Length: 3.5-5 Pages
Formatting: The paper should conform to 8th Edition MLA, which can be confirmed through the OWL at Purdue website (the link is on the Home page). This means you need to provide a Works Cited Page for the two media sources you are analyzing, as well as The Influencing Machine. As I mentioned in the syllabus, please convert Google doc files to Word doc or docx files. Canvas doesn't play well with Google docs, especially when it comes to formatting.
TurnItIn: You will turn your final paper into TurnItIn, which allows you to see what percentage of your paper is pulled from outside sources. This allows me to not only seek out plagiarism, but it also allows you to identify if there are sections that aren't being properly attributed to outside sources. As such, use it as a tool to assist your writing. Keep in mind that TurnItIn will detect any material that comes from an outside source, even if it is quotation marks. As such, it can often identify that 20-30% is similar to other texts. This does not inherently mean that you have committed plagiarism. If you have concerns about plagiarism, please let me know.
Justification: Before we engage in deep conversations concerning argumentative issues and solutions to local problems, it is important to examine how the information we receive is presented to us. This is especially important as much discussion recently has centered around the media and what role it should play, and does play, in influencing the masses.
This paper will hopefully help you identify the methods used by sources to frame information. In addition, I hope this paper will enhance your abilities to identify credible sources of information, which you can utilize in papers throughout the semester.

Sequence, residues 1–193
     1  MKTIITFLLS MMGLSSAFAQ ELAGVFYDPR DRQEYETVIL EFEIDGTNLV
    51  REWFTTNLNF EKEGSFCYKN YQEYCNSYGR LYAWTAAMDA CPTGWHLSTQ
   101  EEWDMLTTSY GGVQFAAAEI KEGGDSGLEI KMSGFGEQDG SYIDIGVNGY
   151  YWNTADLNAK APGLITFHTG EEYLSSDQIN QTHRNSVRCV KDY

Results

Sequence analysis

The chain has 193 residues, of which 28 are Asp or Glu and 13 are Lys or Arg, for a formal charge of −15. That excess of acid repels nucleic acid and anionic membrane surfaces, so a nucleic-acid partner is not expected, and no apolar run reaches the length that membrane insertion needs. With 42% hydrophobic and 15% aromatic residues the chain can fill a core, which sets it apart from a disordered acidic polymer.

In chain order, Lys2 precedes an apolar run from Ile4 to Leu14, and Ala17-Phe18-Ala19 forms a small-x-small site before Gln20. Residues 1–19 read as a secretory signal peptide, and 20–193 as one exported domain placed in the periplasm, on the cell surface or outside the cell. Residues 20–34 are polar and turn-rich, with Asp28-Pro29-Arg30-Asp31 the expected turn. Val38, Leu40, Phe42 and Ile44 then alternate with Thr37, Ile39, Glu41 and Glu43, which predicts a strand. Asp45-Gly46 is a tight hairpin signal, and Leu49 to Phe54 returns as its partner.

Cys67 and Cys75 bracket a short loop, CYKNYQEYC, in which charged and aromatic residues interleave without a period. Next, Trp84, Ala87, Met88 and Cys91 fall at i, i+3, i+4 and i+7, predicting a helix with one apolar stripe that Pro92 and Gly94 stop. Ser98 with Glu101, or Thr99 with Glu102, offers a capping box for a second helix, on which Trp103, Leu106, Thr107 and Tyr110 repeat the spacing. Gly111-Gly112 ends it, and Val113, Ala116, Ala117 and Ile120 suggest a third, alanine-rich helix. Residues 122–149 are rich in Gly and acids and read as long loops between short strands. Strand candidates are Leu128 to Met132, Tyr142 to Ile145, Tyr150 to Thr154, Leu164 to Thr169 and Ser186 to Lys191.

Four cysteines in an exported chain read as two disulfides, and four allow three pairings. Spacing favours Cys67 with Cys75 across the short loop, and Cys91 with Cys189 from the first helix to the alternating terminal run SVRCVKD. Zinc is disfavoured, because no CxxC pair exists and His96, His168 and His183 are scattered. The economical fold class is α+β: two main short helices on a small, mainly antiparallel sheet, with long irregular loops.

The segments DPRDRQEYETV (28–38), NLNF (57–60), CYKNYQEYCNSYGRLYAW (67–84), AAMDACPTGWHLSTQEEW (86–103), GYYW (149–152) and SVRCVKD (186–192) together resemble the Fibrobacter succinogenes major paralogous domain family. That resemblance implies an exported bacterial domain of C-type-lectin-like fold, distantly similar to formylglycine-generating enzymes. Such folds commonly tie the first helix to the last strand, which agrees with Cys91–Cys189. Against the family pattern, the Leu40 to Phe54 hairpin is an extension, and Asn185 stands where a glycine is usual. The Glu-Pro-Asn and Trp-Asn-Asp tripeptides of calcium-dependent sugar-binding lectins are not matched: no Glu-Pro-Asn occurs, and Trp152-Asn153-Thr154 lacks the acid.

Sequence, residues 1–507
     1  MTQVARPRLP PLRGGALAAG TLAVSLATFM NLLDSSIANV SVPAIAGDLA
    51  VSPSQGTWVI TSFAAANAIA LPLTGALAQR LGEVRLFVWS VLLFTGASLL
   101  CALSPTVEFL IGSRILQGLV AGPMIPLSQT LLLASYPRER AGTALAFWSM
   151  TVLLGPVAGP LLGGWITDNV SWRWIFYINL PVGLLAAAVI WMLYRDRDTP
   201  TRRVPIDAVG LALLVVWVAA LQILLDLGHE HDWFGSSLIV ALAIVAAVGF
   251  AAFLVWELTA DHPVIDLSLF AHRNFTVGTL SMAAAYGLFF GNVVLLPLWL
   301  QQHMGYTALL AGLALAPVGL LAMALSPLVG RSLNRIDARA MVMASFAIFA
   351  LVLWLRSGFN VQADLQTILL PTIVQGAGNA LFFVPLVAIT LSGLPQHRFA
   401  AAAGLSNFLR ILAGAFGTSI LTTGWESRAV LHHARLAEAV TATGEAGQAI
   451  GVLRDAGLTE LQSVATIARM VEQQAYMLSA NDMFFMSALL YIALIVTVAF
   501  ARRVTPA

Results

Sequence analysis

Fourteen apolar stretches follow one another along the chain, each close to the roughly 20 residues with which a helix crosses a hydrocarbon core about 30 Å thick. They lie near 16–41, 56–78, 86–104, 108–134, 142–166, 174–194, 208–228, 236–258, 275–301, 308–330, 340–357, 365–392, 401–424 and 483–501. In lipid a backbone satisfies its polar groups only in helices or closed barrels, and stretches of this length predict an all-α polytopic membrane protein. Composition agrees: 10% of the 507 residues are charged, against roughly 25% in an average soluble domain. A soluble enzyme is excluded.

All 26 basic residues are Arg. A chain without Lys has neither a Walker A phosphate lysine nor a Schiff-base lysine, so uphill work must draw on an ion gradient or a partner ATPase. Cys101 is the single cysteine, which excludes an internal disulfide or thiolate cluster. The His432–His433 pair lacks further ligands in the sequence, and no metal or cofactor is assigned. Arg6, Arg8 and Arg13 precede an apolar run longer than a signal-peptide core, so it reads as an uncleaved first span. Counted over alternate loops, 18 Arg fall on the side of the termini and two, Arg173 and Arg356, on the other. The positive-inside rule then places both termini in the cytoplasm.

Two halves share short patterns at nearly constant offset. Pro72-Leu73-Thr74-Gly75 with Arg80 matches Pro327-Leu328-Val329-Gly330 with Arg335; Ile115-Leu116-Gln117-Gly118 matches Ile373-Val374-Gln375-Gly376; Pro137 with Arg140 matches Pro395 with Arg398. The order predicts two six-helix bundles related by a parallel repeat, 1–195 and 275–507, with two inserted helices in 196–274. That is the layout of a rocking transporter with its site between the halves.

Basic Description: You will provide a detailed comparative analysis of TWO MEDIA SOURCES from differing ends of the political spectrum. This means one of your media sources would be more liberally tilted in their presentation of data, and the other would present data through a conservative lens. For the purposes of this exercise, this is important, as you are comparing the ways in which information is framed through these differing sociocultural lenses. This article (Links to an external site.) from The Washington Post might help you identify where certain publications land on the conservative/liberal spectrum. If you still need help identifying where particular sources land on the political spectrum, please e-mail me and I can assist.
You will analyze the manner in which these sources frame one current news story in one article or post; you are not addressing how the source address a news story over multiple articles/posts. Keep in mind that they should both be covering the exact same news item. Your analysis should exhibit an understanding of concepts addressed in class.
In addition, you will be required to integrate at least TWO concepts addressed in The Influencing Machine. Show us how their presentation of information is comparable to something addressed by Brooke Gladstone.